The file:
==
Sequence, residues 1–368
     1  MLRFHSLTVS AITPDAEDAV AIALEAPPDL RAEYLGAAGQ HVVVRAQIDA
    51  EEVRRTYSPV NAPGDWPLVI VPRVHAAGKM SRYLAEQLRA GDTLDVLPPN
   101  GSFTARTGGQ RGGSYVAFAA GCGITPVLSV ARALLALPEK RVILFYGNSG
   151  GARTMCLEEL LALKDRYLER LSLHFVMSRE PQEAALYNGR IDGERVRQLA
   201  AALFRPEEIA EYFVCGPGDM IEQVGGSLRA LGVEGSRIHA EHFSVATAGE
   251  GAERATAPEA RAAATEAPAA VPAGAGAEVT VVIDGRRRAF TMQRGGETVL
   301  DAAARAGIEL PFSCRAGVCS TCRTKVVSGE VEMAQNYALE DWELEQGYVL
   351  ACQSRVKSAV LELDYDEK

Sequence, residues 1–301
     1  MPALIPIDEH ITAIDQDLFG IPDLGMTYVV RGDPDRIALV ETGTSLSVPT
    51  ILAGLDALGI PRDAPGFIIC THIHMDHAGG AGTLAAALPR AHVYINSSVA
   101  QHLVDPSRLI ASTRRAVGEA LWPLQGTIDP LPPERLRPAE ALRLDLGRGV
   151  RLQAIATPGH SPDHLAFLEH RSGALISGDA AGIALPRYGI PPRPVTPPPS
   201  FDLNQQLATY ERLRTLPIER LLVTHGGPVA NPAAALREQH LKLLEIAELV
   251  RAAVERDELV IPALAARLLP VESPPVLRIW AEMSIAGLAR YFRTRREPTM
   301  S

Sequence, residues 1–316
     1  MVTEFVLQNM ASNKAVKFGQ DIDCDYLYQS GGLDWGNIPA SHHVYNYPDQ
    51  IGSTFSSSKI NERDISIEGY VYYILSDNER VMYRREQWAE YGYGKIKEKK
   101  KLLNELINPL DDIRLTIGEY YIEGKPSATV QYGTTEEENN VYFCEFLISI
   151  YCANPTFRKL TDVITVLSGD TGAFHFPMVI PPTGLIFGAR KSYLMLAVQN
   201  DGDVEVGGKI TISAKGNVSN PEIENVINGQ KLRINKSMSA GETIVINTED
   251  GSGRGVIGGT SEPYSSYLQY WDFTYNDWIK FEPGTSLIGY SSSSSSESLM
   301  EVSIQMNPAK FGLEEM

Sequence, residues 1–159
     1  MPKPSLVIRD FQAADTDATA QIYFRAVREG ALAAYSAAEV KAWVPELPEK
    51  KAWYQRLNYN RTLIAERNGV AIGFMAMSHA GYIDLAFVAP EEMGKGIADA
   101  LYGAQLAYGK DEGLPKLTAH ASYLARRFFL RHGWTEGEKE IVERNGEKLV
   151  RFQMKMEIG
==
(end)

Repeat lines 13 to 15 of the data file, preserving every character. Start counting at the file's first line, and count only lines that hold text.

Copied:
   101  QHLVDPSRLI ASTRRAVGEA LWPLQGTIDP LPPERLRPAE ALRLDLGRGV
   151  RLQAIATPGH SPDHLAFLEH RSGALISGDA AGIALPRYGI PPRPVTPPPS
   201  FDLNQQLATY ERLRTLPIER LLVTHGGPVA NPAAALREQH LKLLEIAELV